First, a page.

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updated: 7/16/2014 5:52 PM

Quinn signs law barring double dipping on transit boards

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  • state Rep. Jack Franks, a Marengo Democrat, won approval for a new law, which Gov. Quinn signed Wednesday, aiming to prevent double-dipping on transit boards.

      state Rep. Jack Franks, a Marengo Democrat, won approval for a new law, which Gov. Quinn signed Wednesday, aiming to prevent double-dipping on transit boards.
    Associated Press File Photo

 
 

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Gov. Pat Quinn Wednesday signed a law barring CTA board members from holding other government work and further clarifying that other transit board members can't, either.

The legislation from state Rep. Jack Franks, a Marengo Democrat, was initially aimed at Quinn's attempt to appoint a South suburban township supervisor to the CTA board, which would have given him a second public salary. The appointee eventually backed down.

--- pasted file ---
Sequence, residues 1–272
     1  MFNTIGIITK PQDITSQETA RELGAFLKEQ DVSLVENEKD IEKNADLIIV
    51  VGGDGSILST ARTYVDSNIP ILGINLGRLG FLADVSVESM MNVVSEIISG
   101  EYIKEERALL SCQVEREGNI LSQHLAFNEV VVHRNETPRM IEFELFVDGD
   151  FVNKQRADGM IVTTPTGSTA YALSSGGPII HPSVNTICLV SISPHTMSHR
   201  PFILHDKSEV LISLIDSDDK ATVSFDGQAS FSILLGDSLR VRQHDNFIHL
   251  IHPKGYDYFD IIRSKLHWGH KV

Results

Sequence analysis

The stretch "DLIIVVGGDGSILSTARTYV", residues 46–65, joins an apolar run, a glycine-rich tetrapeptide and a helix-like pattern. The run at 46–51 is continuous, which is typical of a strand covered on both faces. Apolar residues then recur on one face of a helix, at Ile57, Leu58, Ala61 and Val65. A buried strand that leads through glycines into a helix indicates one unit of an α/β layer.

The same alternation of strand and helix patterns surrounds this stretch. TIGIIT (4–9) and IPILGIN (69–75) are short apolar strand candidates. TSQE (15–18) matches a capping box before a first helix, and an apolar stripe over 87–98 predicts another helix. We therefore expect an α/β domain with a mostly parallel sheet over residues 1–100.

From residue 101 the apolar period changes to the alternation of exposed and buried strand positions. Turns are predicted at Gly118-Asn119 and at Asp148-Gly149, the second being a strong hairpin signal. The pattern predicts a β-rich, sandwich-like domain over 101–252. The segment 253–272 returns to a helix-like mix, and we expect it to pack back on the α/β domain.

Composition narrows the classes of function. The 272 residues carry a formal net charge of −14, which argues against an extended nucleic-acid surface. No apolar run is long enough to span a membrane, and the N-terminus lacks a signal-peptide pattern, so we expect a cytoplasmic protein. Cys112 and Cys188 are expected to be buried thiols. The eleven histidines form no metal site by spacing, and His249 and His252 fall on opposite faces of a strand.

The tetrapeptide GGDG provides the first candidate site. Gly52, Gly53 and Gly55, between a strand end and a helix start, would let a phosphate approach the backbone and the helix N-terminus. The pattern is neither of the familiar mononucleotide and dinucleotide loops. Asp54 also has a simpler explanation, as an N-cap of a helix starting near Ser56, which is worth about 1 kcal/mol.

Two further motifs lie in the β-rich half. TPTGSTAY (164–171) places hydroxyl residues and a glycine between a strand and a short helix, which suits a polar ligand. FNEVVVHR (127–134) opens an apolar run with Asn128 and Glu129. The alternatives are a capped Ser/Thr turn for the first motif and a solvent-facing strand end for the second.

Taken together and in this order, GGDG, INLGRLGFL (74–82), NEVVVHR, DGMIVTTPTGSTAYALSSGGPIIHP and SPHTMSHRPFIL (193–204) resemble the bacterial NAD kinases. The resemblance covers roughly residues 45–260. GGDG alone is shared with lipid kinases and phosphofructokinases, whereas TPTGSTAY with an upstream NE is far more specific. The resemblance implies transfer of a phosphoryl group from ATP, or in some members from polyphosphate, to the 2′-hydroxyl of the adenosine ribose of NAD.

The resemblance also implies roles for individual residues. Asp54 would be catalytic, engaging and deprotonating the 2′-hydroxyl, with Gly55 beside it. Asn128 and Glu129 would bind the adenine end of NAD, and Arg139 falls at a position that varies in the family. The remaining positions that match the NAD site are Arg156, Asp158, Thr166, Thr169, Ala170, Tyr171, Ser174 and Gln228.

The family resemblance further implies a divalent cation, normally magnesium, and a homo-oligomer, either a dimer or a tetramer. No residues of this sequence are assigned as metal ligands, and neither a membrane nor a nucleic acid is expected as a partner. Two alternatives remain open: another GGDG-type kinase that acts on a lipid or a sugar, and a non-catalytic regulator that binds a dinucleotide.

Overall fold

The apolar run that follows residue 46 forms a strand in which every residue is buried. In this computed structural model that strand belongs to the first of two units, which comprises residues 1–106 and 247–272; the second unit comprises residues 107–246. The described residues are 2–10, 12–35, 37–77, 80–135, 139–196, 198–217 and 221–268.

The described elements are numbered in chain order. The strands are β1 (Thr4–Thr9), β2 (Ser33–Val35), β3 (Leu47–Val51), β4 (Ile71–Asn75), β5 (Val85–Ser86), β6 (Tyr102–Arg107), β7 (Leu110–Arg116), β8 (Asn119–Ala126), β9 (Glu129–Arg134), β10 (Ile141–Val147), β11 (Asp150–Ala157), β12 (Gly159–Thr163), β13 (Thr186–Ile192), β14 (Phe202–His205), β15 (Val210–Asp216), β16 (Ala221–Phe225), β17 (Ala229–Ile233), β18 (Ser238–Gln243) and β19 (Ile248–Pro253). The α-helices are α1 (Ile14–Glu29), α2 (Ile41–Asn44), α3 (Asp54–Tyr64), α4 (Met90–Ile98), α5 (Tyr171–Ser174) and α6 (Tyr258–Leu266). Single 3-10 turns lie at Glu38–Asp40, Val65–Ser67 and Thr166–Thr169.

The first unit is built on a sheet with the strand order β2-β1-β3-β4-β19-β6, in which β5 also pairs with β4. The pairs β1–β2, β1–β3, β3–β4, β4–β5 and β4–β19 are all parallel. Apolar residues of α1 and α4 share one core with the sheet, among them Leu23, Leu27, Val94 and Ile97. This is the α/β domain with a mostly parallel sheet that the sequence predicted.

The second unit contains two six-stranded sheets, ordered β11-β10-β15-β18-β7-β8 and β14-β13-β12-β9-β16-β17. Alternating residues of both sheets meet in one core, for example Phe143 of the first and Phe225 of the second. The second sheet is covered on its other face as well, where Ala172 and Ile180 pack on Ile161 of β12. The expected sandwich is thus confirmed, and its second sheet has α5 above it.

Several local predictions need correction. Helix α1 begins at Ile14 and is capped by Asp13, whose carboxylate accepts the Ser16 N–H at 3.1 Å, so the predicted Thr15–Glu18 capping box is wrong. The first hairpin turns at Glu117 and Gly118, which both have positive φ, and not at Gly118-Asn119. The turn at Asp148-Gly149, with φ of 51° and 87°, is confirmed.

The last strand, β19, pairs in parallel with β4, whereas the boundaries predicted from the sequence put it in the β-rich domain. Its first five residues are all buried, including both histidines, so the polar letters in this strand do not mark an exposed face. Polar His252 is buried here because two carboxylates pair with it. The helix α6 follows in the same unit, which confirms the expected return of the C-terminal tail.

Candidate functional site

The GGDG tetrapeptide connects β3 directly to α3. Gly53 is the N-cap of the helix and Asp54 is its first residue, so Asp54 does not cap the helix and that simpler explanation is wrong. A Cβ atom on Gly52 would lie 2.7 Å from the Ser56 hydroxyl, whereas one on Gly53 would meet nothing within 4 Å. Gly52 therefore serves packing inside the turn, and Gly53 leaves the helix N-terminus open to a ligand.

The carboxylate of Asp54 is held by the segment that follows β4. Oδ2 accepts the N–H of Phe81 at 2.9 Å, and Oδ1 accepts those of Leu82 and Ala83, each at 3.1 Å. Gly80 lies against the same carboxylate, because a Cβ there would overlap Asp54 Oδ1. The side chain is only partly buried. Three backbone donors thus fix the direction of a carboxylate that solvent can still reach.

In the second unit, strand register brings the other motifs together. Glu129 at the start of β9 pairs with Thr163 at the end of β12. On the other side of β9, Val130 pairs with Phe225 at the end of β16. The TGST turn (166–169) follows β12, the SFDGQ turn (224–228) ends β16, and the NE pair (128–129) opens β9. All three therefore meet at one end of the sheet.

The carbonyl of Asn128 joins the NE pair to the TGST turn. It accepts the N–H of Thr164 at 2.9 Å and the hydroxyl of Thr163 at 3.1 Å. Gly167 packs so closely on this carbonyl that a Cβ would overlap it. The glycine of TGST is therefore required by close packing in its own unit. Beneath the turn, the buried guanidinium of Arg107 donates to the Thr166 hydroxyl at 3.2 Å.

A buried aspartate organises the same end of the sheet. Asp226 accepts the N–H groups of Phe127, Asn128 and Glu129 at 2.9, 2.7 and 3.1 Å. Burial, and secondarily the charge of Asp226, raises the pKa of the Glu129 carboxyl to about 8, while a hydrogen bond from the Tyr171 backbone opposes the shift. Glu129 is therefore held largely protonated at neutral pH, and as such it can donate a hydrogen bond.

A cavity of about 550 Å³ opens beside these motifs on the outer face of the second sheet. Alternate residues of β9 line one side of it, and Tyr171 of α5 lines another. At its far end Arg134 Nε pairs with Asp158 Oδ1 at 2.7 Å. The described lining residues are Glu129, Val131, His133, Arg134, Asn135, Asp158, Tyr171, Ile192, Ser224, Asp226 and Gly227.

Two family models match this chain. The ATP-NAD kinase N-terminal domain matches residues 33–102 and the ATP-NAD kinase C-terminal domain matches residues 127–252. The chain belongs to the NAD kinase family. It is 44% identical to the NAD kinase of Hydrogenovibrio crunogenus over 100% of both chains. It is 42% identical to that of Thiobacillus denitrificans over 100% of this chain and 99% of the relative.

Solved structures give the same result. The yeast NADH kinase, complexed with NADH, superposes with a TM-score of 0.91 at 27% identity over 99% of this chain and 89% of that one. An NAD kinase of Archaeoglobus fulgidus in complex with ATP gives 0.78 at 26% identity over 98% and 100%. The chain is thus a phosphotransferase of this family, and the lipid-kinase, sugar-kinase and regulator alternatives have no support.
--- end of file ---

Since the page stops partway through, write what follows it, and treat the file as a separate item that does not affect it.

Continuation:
Franks says the legislation also further cements the existing RTA and Metra bans on having a second government job. A requirement of being on the Pace board is that the member is a current or former mayor.

"We have to stop this these double-dipping insider protection plans," he said.

The proposal follows legislation from Franks last year also targeted at ethical issues on transit boards that took away members' future pension and health care benefits.

Other ethics proposals, like combining all the transit boards into one, haven't found traction.

The law takes effect immediately.

Republican Kirk Dillard, who starts as chairman of the RTA board next month, voted for the plan in May. Quinn signed the legislation among a list of dozens of bills he made law Wednesday.

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